Ciscoes of the Laurentian Great Lakes once represented the most diversified incipient species flock of Coregonus in North America. Though the taxonomy of the coregonine fishes has always been difficult to resolve, the extensive extirpations and extinctions of ciscoes which have occurred throughout the Great Lakes system within the last few decades have hampered efforts to classify remaining stocks of fish and to understand the evolutionary process involved in their speciation. The proposed study would involve restriction fragment length polymorphism (RFLP) analysis of nuclear DNA and restriction site mapping analysis of mitochondrial DNA, later followed by polymerase chain reaction (PCR) amplification and sequencing of rapidly-evolving nuclear and mitochondrial genes from fresh and museum specimens of Laurentian, Artic, and Eurasian ciscoes. Cladograms constructed from DNA-level homologies will be compared to those derived from morphological data to deduce genetic relationships among these fishes. Results of this research may lead to a better understanding of the evolution of the Coregoninae, reveal underlying genetic principles behind the evolution of fish species flocks, and enable genetically sound management of remaining stocks of ciscoes in the Great Lakes.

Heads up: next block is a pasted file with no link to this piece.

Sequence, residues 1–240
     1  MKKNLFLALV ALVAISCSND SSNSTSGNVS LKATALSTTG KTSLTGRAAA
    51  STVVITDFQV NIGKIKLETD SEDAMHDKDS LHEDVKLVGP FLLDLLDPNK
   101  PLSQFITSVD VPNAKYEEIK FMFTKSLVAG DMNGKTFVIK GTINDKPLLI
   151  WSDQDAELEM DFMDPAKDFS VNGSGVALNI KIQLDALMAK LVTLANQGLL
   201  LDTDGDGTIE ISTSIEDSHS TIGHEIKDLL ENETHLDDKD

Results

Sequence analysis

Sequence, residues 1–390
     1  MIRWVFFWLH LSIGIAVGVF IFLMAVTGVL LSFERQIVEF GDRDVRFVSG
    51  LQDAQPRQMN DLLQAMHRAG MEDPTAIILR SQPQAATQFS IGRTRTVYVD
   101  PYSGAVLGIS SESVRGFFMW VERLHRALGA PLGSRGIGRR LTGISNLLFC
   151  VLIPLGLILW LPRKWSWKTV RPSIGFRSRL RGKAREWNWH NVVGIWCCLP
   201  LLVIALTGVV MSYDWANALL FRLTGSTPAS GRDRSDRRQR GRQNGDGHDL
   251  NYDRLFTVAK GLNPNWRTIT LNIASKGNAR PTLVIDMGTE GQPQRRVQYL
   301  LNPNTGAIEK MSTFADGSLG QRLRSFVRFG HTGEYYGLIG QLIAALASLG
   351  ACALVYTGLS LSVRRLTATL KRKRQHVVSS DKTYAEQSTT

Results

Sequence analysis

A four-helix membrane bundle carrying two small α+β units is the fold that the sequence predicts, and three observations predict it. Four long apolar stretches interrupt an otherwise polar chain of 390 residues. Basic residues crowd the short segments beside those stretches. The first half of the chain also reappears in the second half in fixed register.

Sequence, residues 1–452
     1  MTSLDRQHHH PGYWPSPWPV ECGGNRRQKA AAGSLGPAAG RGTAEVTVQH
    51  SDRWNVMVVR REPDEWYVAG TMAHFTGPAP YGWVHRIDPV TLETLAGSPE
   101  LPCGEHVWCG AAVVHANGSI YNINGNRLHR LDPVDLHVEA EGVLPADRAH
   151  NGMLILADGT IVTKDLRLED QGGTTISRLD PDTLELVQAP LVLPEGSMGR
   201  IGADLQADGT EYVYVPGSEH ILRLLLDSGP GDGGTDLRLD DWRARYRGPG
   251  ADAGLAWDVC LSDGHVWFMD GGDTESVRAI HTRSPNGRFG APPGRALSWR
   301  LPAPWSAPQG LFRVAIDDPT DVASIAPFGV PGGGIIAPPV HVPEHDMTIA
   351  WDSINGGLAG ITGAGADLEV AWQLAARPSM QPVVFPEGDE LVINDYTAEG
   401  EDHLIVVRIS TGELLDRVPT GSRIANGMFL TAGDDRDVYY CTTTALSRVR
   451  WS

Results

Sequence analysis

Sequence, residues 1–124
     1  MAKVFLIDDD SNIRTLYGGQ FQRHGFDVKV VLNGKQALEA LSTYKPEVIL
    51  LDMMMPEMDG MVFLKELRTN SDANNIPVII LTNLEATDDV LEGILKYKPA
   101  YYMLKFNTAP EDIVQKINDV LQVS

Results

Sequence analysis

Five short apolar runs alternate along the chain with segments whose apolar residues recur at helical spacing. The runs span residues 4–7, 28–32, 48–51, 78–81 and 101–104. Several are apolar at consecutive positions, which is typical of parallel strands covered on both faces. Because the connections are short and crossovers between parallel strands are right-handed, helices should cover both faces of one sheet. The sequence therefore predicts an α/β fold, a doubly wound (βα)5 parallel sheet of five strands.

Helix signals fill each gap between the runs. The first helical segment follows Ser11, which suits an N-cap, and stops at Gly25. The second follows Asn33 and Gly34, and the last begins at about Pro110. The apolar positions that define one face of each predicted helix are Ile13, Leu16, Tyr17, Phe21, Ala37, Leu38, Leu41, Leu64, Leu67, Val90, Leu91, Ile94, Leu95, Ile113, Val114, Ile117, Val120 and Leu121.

PRF: Cladistics and Genetic Distinctness of Protected and Extinct Members of the Coregoninae (Family Salmonidae) in North America